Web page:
Beer Summit

Jim Koch, founder and chairman of The Boston Beer Company, brewers of Samuel Adams Beer, is a pioneer of the American palate as...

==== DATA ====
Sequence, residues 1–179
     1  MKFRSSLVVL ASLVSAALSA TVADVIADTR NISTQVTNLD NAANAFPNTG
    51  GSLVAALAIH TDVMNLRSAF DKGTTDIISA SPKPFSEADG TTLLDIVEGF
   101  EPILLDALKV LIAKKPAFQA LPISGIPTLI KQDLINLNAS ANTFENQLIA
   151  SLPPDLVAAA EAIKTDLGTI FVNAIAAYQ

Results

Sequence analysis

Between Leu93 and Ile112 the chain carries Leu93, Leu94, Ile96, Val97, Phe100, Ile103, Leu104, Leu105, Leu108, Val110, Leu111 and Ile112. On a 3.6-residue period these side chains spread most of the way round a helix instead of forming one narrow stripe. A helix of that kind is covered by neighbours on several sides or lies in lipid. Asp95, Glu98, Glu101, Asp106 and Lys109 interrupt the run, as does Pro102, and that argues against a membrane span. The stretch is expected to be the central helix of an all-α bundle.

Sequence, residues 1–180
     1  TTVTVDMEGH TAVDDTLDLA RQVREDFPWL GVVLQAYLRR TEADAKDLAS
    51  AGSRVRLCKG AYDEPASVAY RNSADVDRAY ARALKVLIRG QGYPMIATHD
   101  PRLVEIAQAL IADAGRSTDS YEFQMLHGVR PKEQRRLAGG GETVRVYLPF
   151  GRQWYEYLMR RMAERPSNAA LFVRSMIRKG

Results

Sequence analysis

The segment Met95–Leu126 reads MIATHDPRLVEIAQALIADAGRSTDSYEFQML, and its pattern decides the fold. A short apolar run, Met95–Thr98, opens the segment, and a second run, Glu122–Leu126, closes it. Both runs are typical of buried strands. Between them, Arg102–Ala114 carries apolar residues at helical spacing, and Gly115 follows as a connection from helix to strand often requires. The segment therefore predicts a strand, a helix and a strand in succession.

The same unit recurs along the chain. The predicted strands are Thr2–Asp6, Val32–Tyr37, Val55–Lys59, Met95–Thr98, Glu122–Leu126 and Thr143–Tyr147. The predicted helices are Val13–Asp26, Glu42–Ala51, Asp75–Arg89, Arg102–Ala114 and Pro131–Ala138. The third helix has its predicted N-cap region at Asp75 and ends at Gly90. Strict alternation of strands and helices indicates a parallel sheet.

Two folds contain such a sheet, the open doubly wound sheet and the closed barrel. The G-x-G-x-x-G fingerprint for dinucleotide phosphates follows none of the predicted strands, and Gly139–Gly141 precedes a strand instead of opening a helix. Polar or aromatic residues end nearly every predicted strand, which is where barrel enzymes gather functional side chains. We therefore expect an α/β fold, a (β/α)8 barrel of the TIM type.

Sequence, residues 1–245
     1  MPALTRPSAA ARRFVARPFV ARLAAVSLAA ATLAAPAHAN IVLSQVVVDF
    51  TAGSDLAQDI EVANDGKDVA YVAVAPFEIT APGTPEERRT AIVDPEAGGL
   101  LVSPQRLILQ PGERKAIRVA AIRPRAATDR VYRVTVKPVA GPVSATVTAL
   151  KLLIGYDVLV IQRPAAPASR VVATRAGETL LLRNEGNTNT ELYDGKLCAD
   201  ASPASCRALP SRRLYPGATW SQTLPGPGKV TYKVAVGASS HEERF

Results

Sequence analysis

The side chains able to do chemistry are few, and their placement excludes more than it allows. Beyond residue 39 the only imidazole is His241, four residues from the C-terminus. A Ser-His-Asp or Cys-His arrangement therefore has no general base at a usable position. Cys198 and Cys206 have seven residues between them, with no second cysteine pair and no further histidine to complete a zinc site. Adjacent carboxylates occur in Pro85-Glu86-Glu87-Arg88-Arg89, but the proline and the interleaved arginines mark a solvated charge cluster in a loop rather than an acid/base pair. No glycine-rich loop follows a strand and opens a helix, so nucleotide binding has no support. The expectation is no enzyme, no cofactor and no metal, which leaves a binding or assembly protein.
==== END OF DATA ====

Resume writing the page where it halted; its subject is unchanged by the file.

\nJim Koch, founder and chairman of The Boston Beer Company, brewers of Samuel Adams Beer, is a pioneer of the American palate as well as a quiet leader in conscientious capitalism.